Holiday money

How do prepaid currency cards work?

1 January 20175 min read

A picture of a man at a beach bar with a coffee, whilst holding a card to pay, and looking at his phone smiling

Feeling a bit flummoxed by prepaid currency cards and how they can be useful?

Here we’ve set out to explain in simple terms exactly what they are, how to use them, and how to decide whether they’re the best option for you.

What is a prepaid currency card?

Put simply, it’s a card you load up with a particular currency to use later in another country.

Are there different types?

Yes. Some cards are used solely for one currency, most commonly the euro or the US dollar, while others can be loaded with several different currencies from a set list. Yet more can be loaded with sterling for use in countries for which there is no dedicated card – more about those later…

Every card features different rates and rules, so it’s important to compare all the options and read the small print before making your choice – some of the most popular cards are linked to below.

How do prepaid currency cards work?

After signing up with the company of your choice, you are issued a card (usually underwritten by Visa or MasterCard) and a personal pin number.

Before you go abroad, you transfer pounds from your debit/credit card or bank account to your prepaid currency card at a particular exchange rate. You can then use the card abroad (in countries that use the currency you have exchanged to) in the same way that you would use a regular debit card in the UK.

When you use your card abroad, that amount is “unloaded” from it. If you need to add more of that currency, you can load it up – this can be done by phone or text, but is usually done online or via a dedicated app. You can’t spend what isn’t on the card, so you can’t go into debt on it.

After your trip you can keep any unused funds for the next time you travel – some cards also allow you to exchange leftover foreign currency back into pounds.

Fees and conditions vary, so you should check to see if you would be charged for:

  • Signing up
  • Loading currency
  • Using your card to purchase an item or service
  • Withdrawing cash
  • Transferring your balance onto a replacement card
  • Inactivity
  • Closing your account

‘Sterling’ cards

Also available are ‘sterling’ prepaid currency cards, which you can use in countries where a dedicated card for that currency is not offered. For example, if you were to travel to Namibia, where they use the Namibian dollar, there is no card which you can load with this specific currency.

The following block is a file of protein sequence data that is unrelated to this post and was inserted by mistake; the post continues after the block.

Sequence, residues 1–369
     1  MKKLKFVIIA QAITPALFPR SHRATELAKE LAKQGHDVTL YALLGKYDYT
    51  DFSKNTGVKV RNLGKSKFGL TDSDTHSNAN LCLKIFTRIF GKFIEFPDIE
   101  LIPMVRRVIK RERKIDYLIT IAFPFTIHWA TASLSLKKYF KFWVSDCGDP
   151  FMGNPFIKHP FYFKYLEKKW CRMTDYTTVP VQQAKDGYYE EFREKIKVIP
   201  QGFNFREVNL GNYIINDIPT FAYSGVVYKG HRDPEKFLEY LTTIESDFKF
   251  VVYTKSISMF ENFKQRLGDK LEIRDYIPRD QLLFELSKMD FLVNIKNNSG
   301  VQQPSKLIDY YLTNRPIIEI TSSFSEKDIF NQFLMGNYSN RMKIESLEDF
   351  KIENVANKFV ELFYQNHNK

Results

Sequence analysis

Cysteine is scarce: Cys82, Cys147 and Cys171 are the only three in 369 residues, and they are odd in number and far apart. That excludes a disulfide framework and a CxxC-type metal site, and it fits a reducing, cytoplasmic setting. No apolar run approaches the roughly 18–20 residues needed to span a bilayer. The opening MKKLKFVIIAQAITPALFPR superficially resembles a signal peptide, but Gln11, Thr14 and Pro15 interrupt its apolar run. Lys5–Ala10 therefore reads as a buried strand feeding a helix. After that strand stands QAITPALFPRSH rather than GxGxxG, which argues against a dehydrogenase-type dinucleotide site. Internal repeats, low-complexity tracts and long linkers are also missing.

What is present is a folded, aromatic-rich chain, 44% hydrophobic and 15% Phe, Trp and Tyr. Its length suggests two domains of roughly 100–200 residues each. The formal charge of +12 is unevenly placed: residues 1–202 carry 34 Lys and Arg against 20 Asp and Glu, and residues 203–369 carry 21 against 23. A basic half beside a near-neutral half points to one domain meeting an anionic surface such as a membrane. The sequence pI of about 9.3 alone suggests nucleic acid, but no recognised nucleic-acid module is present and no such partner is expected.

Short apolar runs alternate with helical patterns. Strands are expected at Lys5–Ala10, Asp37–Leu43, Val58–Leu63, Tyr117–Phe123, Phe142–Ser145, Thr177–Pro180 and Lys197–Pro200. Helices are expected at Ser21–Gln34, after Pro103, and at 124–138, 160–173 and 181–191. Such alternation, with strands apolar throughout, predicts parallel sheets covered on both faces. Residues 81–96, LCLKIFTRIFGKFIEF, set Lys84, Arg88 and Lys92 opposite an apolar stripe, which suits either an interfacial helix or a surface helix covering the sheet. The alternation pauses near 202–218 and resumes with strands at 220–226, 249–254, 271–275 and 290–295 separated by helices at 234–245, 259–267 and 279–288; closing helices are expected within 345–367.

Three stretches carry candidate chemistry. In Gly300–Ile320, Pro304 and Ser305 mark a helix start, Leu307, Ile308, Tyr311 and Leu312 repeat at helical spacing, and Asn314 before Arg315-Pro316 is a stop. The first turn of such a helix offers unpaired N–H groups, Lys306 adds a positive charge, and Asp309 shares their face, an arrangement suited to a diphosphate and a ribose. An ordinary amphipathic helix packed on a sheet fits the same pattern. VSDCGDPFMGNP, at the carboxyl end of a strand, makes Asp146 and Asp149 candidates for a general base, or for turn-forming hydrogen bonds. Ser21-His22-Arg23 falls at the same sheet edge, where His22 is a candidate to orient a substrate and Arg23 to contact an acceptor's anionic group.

In this instance you would load your sterling card with pounds which you could then use in Namibia – your sterling balance would be automatically converted to the Namibian dollar when you paid for anything or withdrew cash.

Do prepaid cards offer better exchange rates?

They often do, but not always. They will almost certainly offer better rates than airport exchanges and travellers’ cheques, but you may get a better deal by using one of the better credit cards for use overseas. Some cards offer better rates the earlier you make the exchange.

Which companies offer them?

You can compare some of the most popular cards on offer to work out which is best for you:

The AA | Cashplus | Caxton | FairFX | Moneycorp | MonzoThe Post Office | Revolut | SwapX | Travelex | WeSwap

More options are also available, so make sure you do your research

What are the benefits?

  • It’s safer – you don’t have to carry large amounts of cash on you, or deal with travellers’ cheques.
  • You avoid the often-hefty fees that can result from using your debit or credit card abroad.
  • By loading your card in advance you can often take advantage of better exchange rates – for instance, if you loaded a card with euros before the EU referendum result, you would have more euros to your pounds than if you exchanged the day after the result.
  • There are usually no transaction fees (but check!).
  • They are widely accepted overseas.
  • You cannot run up a debt.
  • If your card is lost or stolen you can have it blocked immediately and get a replacement card with any unused funds transferred for free or a fee.
  • Some companies allow you and your family/friends to link cards together to share money among the whole group.
  • It’s easier to stick to a budget if you have a pre-determined amount of currency on your card.
  • Some offer cashback on your spending.

And the downsides?

  • If you decide to top up too late, you may not get a better deal than you would by exchanging currency in the normal way, and you may find a better exchange rate regardless.
  • If you use a card issued in one currency in a country that uses a different currency, you may be charged further fees.
  • Most cards charge a fee to withdraw funds from ATMs.
  • Small-print charges can often wipe out any savings you’re expecting – inspect them carefully!
  • You cannot use a prepaid currency card to pay a deposit, as it will block those funds on the card.
  • Prepaid currency cards are not protected by the Financial Services Compensation Scheme, which can compensate customers if a firm has stopped trading or does not have enough assets to pay claims made against it.

Ultimately the best way to decide if prepaid cards are right for you is to sign up with one and try it out while you’re on holiday – if it’s not for you, then you can cancel it or never use it again.

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